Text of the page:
My wife showed this to me, not long after we met. It’s one of the ways I knew she was the girl for me. An authentically gruesome spin on the old folk tale of The Hobyahs, here’s the tale of Little Dog Turpie.
I’m absolutely delighted to say that The Visitors has taken first place in the Not The Booker prize 2014. Run by The Guardian, the competition is presented as a slightly tongue-in-cheek parallel with the Man Booker Prize. The actual prize, for example, is a mug:
It’s taken an astoundingly long time to get this far – the first nominations were something like three months ago – and the way it accelerated into the final week was unnerving. The prize is awarded through a combination of public votes and a judging panel. After an agonising week of voting, The Visitors was neck and neck with Tony Black and his novel The Last Tiger (which sounds amazing). With the vote tied, we were awarded a point apiece, which left the three judges to reach a decision during a live video discussion about the shortlist.
I left work early and cycled home to watch the online stream of the discussion. By the time chairman Sam Jordison asked the judges for their final votes, I found myself pacing the room, wanting to know, not wanting to know. The anticipation was driving my heart out through my chest.
So there we have it. It’s still sinking in, even four days later. After the decision was announced, Mon came home and took me out for lunch. That was the right thing to do. There’s no way I would have managed any work that afternoon.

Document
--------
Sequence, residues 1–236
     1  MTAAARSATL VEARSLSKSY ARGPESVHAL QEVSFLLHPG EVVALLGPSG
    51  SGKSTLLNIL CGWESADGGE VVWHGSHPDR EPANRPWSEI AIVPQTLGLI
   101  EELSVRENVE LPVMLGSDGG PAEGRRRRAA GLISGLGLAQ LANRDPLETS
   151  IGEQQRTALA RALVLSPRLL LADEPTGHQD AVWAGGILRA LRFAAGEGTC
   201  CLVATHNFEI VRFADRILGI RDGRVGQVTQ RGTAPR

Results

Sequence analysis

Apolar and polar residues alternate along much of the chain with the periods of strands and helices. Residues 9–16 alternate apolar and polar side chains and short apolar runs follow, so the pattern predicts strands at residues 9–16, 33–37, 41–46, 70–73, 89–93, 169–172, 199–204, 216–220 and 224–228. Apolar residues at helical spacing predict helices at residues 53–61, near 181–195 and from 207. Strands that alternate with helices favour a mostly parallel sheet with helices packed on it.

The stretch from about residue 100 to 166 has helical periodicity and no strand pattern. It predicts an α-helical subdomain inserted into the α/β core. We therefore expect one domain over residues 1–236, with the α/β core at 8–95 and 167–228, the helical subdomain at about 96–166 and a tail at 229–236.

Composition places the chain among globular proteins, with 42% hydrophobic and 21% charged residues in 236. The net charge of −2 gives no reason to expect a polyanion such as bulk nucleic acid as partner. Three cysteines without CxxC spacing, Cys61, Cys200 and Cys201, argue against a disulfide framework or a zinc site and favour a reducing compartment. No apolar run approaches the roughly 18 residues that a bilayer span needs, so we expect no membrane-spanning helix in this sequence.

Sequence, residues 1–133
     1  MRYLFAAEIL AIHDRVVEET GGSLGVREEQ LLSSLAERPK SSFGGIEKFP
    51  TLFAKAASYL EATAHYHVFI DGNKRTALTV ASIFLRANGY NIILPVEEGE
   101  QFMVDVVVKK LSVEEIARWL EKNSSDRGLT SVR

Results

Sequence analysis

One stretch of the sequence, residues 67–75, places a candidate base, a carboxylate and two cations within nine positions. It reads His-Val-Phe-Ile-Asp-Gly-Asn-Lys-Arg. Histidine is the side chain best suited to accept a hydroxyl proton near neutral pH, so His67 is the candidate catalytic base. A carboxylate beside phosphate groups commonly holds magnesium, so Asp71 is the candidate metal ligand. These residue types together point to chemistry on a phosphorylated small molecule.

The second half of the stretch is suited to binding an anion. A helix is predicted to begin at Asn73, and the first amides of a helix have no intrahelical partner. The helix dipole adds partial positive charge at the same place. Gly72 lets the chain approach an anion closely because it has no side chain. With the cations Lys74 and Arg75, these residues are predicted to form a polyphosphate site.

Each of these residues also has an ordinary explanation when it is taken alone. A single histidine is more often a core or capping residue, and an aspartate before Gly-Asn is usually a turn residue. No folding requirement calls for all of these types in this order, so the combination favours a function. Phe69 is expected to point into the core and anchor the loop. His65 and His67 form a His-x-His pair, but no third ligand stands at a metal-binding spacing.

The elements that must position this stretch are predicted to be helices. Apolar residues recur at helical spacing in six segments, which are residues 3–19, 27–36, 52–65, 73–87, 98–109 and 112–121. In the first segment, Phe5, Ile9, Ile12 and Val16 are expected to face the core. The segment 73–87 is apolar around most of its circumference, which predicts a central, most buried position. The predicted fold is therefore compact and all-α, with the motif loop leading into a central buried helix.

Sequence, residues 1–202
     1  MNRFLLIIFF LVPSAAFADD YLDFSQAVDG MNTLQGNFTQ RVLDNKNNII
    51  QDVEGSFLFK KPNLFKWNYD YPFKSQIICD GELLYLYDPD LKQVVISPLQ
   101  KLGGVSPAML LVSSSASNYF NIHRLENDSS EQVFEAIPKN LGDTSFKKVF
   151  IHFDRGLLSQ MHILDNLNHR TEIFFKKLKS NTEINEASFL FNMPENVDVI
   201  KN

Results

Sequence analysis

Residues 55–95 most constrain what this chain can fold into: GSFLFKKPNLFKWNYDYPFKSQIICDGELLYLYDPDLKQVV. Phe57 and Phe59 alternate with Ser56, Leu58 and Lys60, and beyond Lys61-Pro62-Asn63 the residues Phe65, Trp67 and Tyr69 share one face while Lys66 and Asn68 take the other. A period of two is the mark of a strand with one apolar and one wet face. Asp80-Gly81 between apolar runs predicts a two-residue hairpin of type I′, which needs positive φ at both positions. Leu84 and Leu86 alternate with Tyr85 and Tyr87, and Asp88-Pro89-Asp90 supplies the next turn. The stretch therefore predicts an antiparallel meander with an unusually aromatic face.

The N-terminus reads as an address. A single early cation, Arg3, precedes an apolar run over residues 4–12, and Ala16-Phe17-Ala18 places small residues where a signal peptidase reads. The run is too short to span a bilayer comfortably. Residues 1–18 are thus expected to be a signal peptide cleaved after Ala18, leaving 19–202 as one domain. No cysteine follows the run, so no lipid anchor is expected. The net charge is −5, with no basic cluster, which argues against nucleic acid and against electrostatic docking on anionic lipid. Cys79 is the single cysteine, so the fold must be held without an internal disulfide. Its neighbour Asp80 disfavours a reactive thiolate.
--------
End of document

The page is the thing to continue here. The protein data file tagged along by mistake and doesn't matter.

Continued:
It’s a truly humbling thing to happen, and I feel both proud and grateful that my book has had so much support. Please consider this a massive thank you to anyone and everyone who has bought, read, enjoyed, voted or commented on The Visitors. You’re amazing!
Releasing a book into the wild is a terrifying thing to do. I spent so long wrapped up in Bancree by myself that it still feels raw to share the island with other people. Knowing that folk might like my story conjures a huge, tangled ball of things: relief and disbelief, elation, a lurch of adrenaline.
I’m absolutely thrilled, but I’m also looking ahead. I have more books to write. Not The Booker coming to an end coincides with my backlog of film jobs beginning to ease. In a week or so, I think I can get back to writing regularly. It’s been months since I had concerted time to work, and I can barely remember big chunks of The Hollows. My first few sessions will be stripping things away, I’m sure, and clearing the ground to start again. I can’t wait, and I’m glad to be returning on the right side of Not The Booker.